Paul Signac

Paul Signac was born in Asnières in 1863. The fourth Impressionist exhibition, where he discovers Caillebotte, Cassatt, Degas and Monet, is an upheaval for the young boy who is then sixteen years old. He wants to sit down and paint those he will admire for a long time. But Paul Gauguin sees him and kicks him out with these words: “no copying here, Monsieur”.

His mother, in adoration of the young boy, would have liked to make him an artist, but this first emotion did not remain without consequences and Signac left the Lycée to rent a studio in Montmartre. There he frequented the Symbolist writers whom he read and appreciated, and began a friendship as solid as it was lasting with Monet. His first participation in the Salon des Indépendants took place in 1884.

From then on, he regularly frequented Pissaro and Seurat, with whom he founded the group of the “Impressionists known as scientists”. He was indeed fascinated by the idea of a chromatic division of tone, according to scientific principles, whose unity is reconstructed by the eye of the spectator. Pointillism was born and put into practice for the first time in 1886. From then on, he became the leader of this new movement and sought to rally his contemporaries to it at all costs. Although Signac was easily able to create beautiful friendships with his entourage and was affable, his work of proselytism did not prevent him from being impartial towards the artistic positions of his friends. He was also very critical of the Nabis and the artistic credo of Maurice Denis.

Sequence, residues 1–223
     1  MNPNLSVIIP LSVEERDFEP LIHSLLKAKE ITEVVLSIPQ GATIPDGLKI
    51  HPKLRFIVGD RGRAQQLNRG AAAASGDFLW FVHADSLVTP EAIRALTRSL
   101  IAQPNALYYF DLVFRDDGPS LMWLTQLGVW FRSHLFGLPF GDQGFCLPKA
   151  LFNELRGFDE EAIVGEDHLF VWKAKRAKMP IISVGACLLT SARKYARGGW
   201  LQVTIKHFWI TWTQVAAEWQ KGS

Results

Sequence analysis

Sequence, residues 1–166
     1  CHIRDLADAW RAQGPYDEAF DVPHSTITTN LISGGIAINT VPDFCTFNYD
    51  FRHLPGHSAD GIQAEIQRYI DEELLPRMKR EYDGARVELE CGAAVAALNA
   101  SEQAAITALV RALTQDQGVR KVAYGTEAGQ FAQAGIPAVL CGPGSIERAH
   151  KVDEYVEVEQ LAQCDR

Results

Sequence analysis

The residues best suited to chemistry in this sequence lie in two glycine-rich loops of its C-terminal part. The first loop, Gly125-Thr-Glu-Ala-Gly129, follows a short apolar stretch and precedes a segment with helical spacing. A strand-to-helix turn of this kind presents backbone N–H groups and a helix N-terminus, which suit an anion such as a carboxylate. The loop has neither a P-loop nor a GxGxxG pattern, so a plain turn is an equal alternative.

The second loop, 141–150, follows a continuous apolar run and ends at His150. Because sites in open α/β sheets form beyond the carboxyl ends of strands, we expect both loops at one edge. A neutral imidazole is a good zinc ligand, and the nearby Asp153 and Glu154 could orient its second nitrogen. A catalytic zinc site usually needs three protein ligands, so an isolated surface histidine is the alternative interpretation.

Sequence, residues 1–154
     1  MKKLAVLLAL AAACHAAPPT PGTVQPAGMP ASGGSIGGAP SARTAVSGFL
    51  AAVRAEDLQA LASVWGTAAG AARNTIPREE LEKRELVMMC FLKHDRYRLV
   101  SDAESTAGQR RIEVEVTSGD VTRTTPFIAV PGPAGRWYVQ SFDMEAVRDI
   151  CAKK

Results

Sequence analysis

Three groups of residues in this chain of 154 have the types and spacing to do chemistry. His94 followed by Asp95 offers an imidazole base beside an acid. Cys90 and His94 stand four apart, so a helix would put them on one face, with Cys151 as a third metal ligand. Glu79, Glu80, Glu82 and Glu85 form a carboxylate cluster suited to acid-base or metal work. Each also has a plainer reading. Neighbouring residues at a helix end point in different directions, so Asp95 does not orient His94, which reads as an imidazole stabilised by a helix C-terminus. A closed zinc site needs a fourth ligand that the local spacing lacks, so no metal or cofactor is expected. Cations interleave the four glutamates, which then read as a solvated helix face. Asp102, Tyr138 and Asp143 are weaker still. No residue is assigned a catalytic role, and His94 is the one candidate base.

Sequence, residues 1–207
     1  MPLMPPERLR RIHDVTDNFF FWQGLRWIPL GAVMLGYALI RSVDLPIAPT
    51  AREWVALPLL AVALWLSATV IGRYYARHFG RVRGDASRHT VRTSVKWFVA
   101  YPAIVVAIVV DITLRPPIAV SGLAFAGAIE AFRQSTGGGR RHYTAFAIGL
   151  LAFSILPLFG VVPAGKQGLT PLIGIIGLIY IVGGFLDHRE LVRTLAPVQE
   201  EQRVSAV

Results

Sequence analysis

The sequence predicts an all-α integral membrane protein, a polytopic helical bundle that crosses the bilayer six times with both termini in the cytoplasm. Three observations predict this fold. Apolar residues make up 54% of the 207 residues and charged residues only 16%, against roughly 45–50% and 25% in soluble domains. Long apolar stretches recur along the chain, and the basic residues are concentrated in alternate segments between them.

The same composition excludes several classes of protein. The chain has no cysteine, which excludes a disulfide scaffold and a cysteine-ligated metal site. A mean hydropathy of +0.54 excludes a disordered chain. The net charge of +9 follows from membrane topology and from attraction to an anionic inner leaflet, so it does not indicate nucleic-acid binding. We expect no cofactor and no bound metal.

Those whose ideals he shares are the symbolist poets. With them he seeks to unite the dreamlike vision of a lost paradise, a social utopia and that of total art. Seurat’s death weakens the pointillist movement. In 1899, Signac published the manifesto De Delacroix aux Impressionnistes to set out the positions of the movement and give it its letters of nobility. Until his death in 1935, he tirelessly painted the coasts of France according to this manifesto, and constantly strived to make his palette as colourful and luminous as possible.

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